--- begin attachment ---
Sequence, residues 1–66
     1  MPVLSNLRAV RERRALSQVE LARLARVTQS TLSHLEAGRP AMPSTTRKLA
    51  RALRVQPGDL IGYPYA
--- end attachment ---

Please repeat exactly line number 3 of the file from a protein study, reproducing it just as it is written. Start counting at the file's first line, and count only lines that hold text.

    51  RALRVQPGDL IGYPYA